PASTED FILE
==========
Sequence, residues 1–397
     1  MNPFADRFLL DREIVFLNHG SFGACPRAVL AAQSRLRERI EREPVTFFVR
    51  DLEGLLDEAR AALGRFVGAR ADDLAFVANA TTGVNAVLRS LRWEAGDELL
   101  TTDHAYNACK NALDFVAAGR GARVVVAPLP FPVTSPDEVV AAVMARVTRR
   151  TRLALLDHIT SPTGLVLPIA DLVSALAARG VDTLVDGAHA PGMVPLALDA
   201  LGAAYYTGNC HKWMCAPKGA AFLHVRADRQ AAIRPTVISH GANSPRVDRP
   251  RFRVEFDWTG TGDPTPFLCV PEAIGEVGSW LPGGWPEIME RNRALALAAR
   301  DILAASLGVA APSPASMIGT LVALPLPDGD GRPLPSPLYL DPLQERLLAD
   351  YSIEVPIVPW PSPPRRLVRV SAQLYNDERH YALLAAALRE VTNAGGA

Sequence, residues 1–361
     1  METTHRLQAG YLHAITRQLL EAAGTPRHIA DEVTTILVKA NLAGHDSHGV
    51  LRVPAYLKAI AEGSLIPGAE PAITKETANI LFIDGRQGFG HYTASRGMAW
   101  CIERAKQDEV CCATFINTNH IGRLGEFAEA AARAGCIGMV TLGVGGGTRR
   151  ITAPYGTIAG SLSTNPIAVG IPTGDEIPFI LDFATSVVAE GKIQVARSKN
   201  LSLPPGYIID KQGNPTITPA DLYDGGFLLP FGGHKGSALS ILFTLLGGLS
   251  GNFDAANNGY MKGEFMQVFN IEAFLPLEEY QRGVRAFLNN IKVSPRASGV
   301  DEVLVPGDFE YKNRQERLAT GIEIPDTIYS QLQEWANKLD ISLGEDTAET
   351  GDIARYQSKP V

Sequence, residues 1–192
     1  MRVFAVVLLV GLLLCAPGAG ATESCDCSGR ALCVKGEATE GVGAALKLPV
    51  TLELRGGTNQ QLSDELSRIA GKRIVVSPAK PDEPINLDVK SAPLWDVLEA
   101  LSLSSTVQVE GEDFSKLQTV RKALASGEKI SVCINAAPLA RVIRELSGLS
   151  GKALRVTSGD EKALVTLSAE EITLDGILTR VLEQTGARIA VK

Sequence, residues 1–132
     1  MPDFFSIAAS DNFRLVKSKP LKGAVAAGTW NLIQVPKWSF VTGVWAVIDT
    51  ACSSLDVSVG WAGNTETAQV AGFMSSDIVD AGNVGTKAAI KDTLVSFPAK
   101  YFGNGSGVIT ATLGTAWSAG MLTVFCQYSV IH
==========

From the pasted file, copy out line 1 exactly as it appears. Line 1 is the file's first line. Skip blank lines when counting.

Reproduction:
Sequence, residues 1–397